Eye infections affect people of all ages. This means that infants can be affected by eye infections too and even develop the first symptoms and signs immediately after birth. It is essential to recognize such infections and to consult a pediatrician as soon as possible because, if left untreated, the majority of eye infections in infants can cause permanent damage to the eye.
Infant Eye Infections
Many times the mother is suffering from certain sexually transmitted diseases and she does not have to be aware of this. Acute sexually transmitted diseases are a huge health threat, particularly for infants who undergo vaginal delivery. In such case the baby's eye come in contact with vaginal discharge which enters the eyes and eventually initiates infection.
This happens in case the mother is suffering from acute gonorrhea and chlamydia infection. An eye infection is also possible to occur if there is acute exacerbation of genital herpes infection. All in all, infection is generally associated with redness and swelling of the eyelids, plenty of discharge coming from the eye and changes in baby's behavior. Fortunately, with proper treatment (antibiotic or antiviral eye drops and ointments/creams) the infection can be eradicated and the child will have no long-term sequelae.Blocked Tear Duct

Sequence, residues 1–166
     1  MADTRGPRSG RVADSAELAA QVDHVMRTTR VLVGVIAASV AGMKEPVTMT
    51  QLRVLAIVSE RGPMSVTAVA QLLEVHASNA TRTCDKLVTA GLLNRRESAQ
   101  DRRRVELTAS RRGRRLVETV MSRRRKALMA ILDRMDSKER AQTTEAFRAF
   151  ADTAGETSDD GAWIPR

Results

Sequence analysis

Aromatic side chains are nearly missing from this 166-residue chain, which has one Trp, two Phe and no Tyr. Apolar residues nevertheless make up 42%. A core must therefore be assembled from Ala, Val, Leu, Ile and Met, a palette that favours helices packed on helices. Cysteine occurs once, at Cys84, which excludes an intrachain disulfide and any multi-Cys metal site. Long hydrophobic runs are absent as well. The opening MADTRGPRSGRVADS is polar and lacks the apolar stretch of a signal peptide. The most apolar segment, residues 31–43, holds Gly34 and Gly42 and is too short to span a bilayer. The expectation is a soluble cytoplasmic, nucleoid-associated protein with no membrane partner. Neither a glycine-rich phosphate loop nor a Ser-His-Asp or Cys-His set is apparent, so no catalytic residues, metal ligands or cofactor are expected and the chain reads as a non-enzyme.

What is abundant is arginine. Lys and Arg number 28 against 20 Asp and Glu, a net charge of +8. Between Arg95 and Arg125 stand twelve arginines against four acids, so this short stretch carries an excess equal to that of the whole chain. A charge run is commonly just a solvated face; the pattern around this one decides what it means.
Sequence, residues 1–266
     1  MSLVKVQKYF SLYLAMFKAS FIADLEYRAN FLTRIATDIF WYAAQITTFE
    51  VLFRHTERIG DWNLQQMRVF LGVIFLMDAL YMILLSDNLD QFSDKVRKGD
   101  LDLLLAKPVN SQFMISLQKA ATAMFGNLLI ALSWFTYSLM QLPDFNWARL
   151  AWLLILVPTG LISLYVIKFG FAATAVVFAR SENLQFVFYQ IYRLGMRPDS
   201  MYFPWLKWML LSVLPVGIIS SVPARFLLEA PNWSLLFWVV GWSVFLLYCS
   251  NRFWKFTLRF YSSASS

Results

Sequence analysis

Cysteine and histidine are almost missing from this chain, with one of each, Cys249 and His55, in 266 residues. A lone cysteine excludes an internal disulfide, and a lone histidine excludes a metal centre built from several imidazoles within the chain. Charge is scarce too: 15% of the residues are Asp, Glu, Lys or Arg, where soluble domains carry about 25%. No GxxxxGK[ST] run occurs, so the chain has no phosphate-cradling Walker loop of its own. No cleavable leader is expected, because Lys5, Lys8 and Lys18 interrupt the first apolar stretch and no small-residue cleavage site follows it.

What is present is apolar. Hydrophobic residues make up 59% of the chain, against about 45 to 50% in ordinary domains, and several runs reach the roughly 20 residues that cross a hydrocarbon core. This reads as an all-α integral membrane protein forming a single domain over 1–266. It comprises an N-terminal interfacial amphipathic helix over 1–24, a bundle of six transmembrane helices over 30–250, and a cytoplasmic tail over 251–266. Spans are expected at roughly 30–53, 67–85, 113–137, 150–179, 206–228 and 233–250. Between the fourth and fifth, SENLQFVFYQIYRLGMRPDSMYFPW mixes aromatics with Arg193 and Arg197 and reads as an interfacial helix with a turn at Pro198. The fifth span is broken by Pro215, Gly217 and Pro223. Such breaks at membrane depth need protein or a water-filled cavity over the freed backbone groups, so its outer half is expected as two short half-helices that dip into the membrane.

Tearing of the eye in infants is a consequence of blocked tear duct. Tears are normally produced by the lacrimal glands and they are distributed across the entire eye. After that they are collected in the inner corner of the eye and drained into the nasal cavity via the tear duct. However, under certain circumstances, the tear duct may be blocked and tears, instead of being drained into the nose, start to flow down the baby's face.
This medical condition may additionally cause eye infections. In fact, if obstruction does not withdraws within 6-12 months, the child may even end up with chronic infection. Fortunately, this does not happen often.
As far as treatment is concerned, blocked tear duct is easily treated and tear drainage is soon restored. Initial treatment comprises antibiotic eye drops as well as cortisone eye drops (anti-inflammatory eye drops). These are administered together with pressure over the tear sac. The pressure may efficiently rupture the tiny membrane in the duct which is, in the majority of cases, the cause of blockage.
Only in case the membrane does not rupture within some period of time, the baby undergoes a procedure called probing. It includes gentle insertion of a thin, blunt, metal wire through the tear drainage system.